But with all of the maintenance methods to choose from—waxing, threading, tweezing—how are you supposed to know which one to choose? According to Jimena Garcia, a bicoastal celebrity brow specialist that handles the arches of the it-girl crowd, it all depends on your skin type and the look you’re going for. After all, there’s a world of difference between the tomboyish Cara Delevigne and the polished Kim K style.
“Each technique has its own benefit, and once you understand which one fits you, then you can move forward in achieving your dream brows,” she says. See ya later, caterpillar.
Keep reading to find out which brow-grooming method—plucking, waxing, or threading—is right for you.
For the ultra-natural look: Tweezing
Pros: If you’re looking for targeted hair removal, plucking wins. “Tweezers let you remove one hair at a time, so you can watch the shape take form,” says Garcia. It’s also gentle, she adds. “Plucking only affects the hair and not the skin underneath, so there’s no chance of skin irritation.” (Good news for those who use retinoids or any other medication that increases skin sensitivity.)
Cons: “Tweezers can’t take away baby hair if you want that super smooth look,” Garcia warns. And when plucked incorrectly, there’s a chance you could break the hair.
Tips: Cleansing is key before you pick up the tweezers. “It’s good to open your hair follicles first,” says Garcia. “I always use rosewater.” To avoid breakage, pull the strand from the middle as opposed to the tip.
For light shaping: Waxing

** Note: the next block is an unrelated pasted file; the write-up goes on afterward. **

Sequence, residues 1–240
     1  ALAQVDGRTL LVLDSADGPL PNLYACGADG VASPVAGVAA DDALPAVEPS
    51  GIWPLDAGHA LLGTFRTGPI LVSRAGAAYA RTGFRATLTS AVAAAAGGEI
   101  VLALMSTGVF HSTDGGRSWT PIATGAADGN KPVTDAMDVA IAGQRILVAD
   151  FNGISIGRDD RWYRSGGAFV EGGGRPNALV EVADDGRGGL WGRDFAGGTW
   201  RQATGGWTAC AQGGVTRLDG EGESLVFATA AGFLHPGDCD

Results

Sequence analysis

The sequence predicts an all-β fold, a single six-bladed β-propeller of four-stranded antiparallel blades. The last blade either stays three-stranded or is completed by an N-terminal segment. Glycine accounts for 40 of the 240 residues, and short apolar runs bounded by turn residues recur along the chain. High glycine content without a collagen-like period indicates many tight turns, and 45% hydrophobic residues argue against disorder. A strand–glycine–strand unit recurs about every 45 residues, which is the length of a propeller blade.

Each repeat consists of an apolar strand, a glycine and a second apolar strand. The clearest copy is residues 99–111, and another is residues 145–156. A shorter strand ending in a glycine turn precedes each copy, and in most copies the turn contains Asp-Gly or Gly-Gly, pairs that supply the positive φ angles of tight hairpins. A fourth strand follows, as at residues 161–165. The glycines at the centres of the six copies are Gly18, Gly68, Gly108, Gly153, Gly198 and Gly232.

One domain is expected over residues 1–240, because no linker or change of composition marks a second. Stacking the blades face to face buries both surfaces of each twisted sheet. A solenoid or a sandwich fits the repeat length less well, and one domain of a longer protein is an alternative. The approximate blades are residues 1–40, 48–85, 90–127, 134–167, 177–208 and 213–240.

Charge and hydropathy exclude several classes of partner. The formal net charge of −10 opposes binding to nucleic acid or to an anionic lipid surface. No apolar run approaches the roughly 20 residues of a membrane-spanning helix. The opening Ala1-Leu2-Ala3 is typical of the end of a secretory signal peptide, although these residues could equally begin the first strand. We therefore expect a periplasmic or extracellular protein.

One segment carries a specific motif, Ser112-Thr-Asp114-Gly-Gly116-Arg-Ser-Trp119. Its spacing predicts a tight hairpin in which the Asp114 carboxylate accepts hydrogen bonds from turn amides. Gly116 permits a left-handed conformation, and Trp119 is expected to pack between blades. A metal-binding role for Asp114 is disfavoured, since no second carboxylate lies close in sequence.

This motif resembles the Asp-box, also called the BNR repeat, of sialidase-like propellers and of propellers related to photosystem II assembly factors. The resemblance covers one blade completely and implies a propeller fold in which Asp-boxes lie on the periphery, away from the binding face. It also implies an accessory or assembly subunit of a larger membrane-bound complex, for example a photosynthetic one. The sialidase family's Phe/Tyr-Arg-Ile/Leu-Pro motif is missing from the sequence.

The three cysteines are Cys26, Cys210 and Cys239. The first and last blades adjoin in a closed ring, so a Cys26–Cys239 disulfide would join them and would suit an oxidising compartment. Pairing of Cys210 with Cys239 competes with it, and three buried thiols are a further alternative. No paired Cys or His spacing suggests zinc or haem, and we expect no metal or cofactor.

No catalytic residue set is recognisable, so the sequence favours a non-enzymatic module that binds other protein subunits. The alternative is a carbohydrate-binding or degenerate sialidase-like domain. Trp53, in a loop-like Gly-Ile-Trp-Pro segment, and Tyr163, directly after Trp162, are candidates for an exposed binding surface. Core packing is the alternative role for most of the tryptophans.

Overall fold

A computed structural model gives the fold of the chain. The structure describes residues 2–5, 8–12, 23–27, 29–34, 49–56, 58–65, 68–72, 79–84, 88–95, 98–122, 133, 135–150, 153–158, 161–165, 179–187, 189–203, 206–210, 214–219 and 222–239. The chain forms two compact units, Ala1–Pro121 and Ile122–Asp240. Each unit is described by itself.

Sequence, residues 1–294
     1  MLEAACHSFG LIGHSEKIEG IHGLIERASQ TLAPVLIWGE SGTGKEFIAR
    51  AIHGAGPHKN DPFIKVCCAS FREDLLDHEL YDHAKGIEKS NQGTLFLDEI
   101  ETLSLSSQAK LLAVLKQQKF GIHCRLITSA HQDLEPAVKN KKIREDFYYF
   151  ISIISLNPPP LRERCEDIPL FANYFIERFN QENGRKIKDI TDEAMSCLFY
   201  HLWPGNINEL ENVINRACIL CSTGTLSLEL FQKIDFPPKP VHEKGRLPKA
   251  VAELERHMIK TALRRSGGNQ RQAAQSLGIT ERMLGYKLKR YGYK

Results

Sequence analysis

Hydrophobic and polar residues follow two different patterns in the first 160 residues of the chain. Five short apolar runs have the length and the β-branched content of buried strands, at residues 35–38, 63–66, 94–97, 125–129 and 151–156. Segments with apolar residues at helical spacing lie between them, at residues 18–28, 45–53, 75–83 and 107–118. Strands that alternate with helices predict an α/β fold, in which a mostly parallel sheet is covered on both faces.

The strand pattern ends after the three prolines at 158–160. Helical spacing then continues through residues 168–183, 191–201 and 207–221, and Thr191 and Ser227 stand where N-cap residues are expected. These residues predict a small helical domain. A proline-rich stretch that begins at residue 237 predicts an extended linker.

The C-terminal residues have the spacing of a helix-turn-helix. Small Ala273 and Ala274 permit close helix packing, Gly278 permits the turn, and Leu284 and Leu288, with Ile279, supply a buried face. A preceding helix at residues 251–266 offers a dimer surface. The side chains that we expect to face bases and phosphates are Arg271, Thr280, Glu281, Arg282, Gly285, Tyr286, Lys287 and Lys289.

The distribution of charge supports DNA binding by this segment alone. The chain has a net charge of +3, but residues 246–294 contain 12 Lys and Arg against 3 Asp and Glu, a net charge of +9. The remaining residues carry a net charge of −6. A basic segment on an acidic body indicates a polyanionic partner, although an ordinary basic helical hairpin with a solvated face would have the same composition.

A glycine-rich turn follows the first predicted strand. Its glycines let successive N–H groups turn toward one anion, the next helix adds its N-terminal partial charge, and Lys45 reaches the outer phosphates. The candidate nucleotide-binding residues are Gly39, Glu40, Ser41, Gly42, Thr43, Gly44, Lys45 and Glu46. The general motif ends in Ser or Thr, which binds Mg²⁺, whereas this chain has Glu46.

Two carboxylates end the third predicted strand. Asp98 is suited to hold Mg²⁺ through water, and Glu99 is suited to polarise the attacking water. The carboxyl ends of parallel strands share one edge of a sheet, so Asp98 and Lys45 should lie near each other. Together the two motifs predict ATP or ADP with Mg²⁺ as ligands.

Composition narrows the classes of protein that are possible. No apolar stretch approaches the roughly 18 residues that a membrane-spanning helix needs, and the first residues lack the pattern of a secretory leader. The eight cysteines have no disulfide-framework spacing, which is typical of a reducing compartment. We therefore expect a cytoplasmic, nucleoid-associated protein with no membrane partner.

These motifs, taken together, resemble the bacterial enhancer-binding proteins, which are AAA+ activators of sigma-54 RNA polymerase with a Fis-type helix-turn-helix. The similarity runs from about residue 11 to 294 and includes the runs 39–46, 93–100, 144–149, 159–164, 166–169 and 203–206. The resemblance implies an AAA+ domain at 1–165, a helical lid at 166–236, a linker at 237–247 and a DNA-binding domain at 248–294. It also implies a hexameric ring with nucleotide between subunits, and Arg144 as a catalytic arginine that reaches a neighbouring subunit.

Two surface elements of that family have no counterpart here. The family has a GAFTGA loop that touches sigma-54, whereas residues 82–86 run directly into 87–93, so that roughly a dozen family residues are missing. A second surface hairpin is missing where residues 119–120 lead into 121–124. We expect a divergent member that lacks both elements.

Pros: Sometimes it’s the most feared way to remove hair, but waxing is definitely effective—and it lasts a long time, so the (minor) pain pays off. “Wax encapsulates the hair, removing it from the root of the hair follicle,” explains Garcia. “It eliminates all tiny hairs for a smooth look, and eventually reduces hair growth.” That’s a major plus for those who don’t tend to change up their brow style (or are just too busy to schedule sessions on the reg).
Cons: It’s tough to be super precise, since sticky wax inevitably clings to many hairs at once. And for some people, skin sensitivity rules this tactic out. “Sometimes you’ll see redness, and wax could burn the skin depending on its temperature,” says Garcia. “Regardless of how gentle the waxing process is, it puts you at a greater risk of hyperpigmentation.”
Tips: See a professional to ensure your results are symmetrical—and always apply sunscreen afterwards.
For Kardashian-esque precision: Threading
Pros: Believe it or not, threading is one of the most ancient hair removal techniques, says Garcia. With this method, there’s no chance of an allergic reaction since the only instrument used is a simple cotton string. Threading’s also ideal if you want some serious shaping. “It’s easier to remove hair this way, because you can take areas and eliminate them really quickly,” Garcia points out.
Cons: Depending on your nerve sensitivity, this one can be really painful. Why? “With threading, both hands are using the tool,” says Garcia. “When you tweeze, you can hold the skin taut at the same time so it distracts from the pain of the pluck.” She adds that there’s also the risk of cross-contamination, since the thread is in direct contact with the technician’s hands and your skin.
Tips: Threading’s another technique that’s best done by a professional, says Garcia. And if you’re looking to just lift a couple of hairs, stick with your tweezers.
To keep all of your hair lookin’ good, here are 10 supplements for thicker, fuller locks. You could also try Adriana Lima’s super-affordable secret to a shiny mane.
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